Every once in a while, I run into someone I haven’t seen in a while. Someone who’s around my age. Someone who really means it when asking, “How are you?”
But we both know what that question really means. “Are you holding together as well as I am or better?”
The funny thing about that is most “people of age”—a designation inspired by “people of color,” which strikes me as equally silly since all of us are SOME color and all of us are SOME age—pass up the opportunity to be honest. Probably because they don’t want to chance learning that the other person is healthier.
I’m never as honest as I could be. I mean, I’m not about to say, “I have some cysts that make walking and standing anywhere from uncomfortable to painful at times, and having them removed might not solve the problem.” Not unless I’m talking to someone I want to urge to move on without further discussion.
I suppose I could always say, “Well, I’m able to get eight or nine hours of sleep every night.” No need to add that I normally still feel tired when I get up and nearly always take a short afternoon nap. Sometimes two. Concurrently.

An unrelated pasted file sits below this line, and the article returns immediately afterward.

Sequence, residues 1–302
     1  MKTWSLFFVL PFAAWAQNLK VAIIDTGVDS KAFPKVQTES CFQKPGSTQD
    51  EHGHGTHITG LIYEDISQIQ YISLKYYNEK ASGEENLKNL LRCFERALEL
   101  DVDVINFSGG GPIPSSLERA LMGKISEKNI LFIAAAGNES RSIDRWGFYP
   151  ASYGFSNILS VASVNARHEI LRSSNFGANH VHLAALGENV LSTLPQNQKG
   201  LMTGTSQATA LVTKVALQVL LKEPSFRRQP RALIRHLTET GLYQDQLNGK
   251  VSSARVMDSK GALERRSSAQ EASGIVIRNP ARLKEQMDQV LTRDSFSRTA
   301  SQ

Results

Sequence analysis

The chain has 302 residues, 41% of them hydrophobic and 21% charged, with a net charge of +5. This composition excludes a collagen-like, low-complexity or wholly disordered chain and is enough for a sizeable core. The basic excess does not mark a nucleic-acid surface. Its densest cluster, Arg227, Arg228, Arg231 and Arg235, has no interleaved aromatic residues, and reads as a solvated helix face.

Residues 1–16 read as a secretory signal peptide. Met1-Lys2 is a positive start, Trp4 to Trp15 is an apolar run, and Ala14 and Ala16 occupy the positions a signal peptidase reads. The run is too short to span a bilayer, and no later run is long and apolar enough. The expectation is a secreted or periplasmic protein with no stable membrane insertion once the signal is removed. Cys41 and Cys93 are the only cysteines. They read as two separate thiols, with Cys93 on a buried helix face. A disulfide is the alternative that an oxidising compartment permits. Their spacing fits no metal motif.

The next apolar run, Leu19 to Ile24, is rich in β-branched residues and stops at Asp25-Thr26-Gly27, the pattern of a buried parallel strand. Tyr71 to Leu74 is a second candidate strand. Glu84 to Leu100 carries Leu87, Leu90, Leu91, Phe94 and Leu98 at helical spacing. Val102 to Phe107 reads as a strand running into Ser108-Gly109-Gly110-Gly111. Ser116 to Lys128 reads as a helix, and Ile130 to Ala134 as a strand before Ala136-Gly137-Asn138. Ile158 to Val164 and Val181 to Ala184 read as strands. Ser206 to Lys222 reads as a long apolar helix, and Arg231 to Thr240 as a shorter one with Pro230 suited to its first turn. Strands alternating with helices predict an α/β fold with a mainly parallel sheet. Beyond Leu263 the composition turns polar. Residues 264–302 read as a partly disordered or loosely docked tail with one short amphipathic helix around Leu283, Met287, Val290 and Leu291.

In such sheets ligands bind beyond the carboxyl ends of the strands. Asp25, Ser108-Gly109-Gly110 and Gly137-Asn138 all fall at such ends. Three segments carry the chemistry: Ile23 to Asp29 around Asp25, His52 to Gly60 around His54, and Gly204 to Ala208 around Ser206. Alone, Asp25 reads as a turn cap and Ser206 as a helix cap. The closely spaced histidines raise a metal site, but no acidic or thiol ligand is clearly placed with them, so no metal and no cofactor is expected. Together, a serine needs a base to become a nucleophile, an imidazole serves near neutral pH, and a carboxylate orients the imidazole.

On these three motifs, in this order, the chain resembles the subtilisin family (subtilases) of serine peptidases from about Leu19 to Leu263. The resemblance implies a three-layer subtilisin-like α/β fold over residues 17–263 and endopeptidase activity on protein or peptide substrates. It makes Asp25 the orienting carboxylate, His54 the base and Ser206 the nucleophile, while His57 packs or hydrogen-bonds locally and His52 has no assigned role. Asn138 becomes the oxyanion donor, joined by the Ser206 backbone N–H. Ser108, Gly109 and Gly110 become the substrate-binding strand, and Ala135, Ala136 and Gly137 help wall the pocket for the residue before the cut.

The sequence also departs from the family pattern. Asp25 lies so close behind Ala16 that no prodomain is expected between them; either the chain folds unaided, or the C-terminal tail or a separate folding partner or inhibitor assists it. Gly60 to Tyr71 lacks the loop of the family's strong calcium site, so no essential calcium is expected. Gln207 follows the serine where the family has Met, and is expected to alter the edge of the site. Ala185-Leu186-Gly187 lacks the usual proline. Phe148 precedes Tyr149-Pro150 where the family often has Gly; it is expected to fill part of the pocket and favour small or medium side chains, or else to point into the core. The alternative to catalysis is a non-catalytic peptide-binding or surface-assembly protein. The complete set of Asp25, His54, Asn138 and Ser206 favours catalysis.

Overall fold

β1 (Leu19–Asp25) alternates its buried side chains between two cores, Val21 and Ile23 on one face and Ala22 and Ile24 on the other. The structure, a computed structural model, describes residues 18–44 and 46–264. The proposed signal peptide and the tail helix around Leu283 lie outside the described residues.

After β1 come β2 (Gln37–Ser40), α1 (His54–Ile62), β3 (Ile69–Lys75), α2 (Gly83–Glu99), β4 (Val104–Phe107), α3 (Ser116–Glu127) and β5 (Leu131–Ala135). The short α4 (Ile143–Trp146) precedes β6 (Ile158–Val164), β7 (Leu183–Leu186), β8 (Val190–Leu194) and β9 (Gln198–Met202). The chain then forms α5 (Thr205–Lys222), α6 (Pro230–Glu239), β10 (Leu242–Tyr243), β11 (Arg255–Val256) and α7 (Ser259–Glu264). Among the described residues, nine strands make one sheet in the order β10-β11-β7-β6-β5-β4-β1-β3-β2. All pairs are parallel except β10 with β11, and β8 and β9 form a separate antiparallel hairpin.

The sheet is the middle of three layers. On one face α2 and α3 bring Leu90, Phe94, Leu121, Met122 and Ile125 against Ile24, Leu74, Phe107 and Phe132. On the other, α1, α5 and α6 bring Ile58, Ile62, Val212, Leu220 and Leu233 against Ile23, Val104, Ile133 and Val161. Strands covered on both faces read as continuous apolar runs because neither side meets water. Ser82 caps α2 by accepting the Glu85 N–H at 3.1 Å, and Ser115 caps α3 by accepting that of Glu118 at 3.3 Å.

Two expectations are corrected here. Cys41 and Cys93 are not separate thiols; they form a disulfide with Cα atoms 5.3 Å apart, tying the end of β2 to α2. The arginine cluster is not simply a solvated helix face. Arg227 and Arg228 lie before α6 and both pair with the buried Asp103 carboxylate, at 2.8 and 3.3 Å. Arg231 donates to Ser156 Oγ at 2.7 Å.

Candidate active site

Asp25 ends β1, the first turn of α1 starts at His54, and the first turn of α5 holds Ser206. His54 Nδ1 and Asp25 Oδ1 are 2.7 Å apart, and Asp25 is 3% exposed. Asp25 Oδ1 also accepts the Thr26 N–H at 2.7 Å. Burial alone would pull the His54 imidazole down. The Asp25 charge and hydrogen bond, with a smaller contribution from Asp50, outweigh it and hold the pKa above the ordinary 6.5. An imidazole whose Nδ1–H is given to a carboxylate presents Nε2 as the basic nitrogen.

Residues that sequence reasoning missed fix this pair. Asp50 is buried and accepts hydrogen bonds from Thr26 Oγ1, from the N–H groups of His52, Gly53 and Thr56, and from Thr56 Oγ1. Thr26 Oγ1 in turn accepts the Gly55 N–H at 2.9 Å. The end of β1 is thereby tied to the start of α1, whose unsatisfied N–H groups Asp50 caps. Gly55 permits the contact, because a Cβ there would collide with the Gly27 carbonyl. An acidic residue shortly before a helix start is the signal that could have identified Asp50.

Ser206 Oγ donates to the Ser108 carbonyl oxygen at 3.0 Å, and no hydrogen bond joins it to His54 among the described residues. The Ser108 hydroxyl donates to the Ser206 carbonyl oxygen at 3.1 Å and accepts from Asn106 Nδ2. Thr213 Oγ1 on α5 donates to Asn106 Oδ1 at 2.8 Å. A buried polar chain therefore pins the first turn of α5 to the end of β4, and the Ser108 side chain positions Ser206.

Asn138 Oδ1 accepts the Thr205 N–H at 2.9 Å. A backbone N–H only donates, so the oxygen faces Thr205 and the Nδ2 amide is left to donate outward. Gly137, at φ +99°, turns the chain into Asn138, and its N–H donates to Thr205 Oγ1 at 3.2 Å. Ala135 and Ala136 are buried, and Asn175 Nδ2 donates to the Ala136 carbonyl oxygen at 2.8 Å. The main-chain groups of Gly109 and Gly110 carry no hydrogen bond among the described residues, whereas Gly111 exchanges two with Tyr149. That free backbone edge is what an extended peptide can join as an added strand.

Or should I whip out the list of medications I keep in my wallet? My doctor’s office loves me because that printed list keeps me from having to pronounce the names of my regular medicines and keeps the nurse from having to figure out what I’m trying to say when I mispronounce them.
List-sharing with other people of age would have drawbacks, though. While it doesn’t take any effort at all to get my father-in-law to share his medicine list—and does he evermore have a lot of them—mine looks puny next to his.
Does that mean I’m healthier? I should hope so! But that’s beside the point. He’s twenty years older than me. The fact that he’s still alive must mean that I’m, uh, well, maybe it means HE’S healthier.
Maybe “Good to see you. I’m fine, thanks.” is an honest enough response to “How are you?”
Thanks for letting me share these thoughts with you. Please feel free to leave a comment. What do YOU think about this subject?